This week I gave out an entire set of handouts. Six Grammar sheet covering nouns, verbs, adjectives, adverbs, and four different types of sentences. I also gave out four math sheets covering graphing, mean, median, and mode. The class worked on the sheets with each other and with Sara and me. We also went over many of the answers in bookcorner and each student in the class should have done diagramming using the apps on our iPads.
We had two new writing assignments, one using 16 spelling words in a creative story, and the other using an essay format. We had everyone read their spelling stories in bookcorner and later had a spelling test on those words. We also read our New York trip writing this week.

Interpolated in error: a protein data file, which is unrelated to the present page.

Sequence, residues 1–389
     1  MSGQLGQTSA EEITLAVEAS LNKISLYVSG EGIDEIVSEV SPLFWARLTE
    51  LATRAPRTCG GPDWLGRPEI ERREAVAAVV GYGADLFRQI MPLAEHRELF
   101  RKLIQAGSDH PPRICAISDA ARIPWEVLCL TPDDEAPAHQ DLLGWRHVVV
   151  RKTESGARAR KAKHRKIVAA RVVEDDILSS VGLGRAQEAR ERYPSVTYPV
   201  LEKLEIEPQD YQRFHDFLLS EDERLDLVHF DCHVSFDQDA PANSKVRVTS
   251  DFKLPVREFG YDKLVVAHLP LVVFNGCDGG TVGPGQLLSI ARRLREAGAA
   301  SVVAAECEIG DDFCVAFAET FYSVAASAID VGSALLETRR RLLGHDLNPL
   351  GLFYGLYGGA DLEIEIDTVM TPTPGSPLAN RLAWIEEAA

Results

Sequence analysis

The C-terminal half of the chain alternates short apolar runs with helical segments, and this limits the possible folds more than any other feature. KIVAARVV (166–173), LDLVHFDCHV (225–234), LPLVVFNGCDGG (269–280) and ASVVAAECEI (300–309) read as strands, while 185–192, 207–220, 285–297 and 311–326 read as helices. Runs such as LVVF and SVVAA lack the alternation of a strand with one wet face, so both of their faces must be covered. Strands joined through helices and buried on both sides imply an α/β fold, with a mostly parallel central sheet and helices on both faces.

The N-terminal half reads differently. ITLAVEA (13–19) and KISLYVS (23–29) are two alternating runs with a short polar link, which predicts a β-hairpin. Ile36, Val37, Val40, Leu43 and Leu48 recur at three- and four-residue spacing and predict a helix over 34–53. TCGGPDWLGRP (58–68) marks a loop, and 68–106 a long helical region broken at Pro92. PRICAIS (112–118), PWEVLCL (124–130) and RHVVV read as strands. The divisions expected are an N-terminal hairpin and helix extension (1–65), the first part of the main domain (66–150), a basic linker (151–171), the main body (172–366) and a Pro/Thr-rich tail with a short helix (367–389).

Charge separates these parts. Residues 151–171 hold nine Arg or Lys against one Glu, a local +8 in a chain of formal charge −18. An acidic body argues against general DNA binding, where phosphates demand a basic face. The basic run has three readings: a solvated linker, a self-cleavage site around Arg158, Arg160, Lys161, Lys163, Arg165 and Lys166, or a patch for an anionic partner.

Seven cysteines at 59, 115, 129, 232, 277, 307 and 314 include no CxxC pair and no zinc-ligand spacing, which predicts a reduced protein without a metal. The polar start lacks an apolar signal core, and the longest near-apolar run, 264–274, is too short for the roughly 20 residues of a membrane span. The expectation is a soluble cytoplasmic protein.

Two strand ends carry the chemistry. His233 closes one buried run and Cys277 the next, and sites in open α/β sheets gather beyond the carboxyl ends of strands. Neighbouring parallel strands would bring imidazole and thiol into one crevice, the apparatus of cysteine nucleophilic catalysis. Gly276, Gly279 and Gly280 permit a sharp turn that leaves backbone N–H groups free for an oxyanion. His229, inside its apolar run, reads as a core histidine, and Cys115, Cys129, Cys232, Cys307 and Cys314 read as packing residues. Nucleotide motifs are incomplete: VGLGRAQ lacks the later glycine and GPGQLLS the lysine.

We have changed our reading book to Ender’s Game, we had started reading a version of Star Wars that is written in Shakespearean verse, but we had to stop. I realized to fully appreciate that book we will have to see the movie first, which quite a few students have never seen. I sometimes get surprised by things I think the students know or have experienced, not taking their age into consideration. It also surprised me that the students knew nothing about Harlem when the tour guide was talking at The Tenement Museum about Victoria, a character portrayed by an actress, who immigrated to the U.S. and wanted to move there. To them it was just a name. I realize that I should add a corner of Harlem to a New York trip next year. Many years ago I had a New York Trip that started on 165th St. in Harlem and went down Broadway to Battery Park. It was an 11 mile walk, on which I asked students to take photographs of the different neighborhoods as we walked.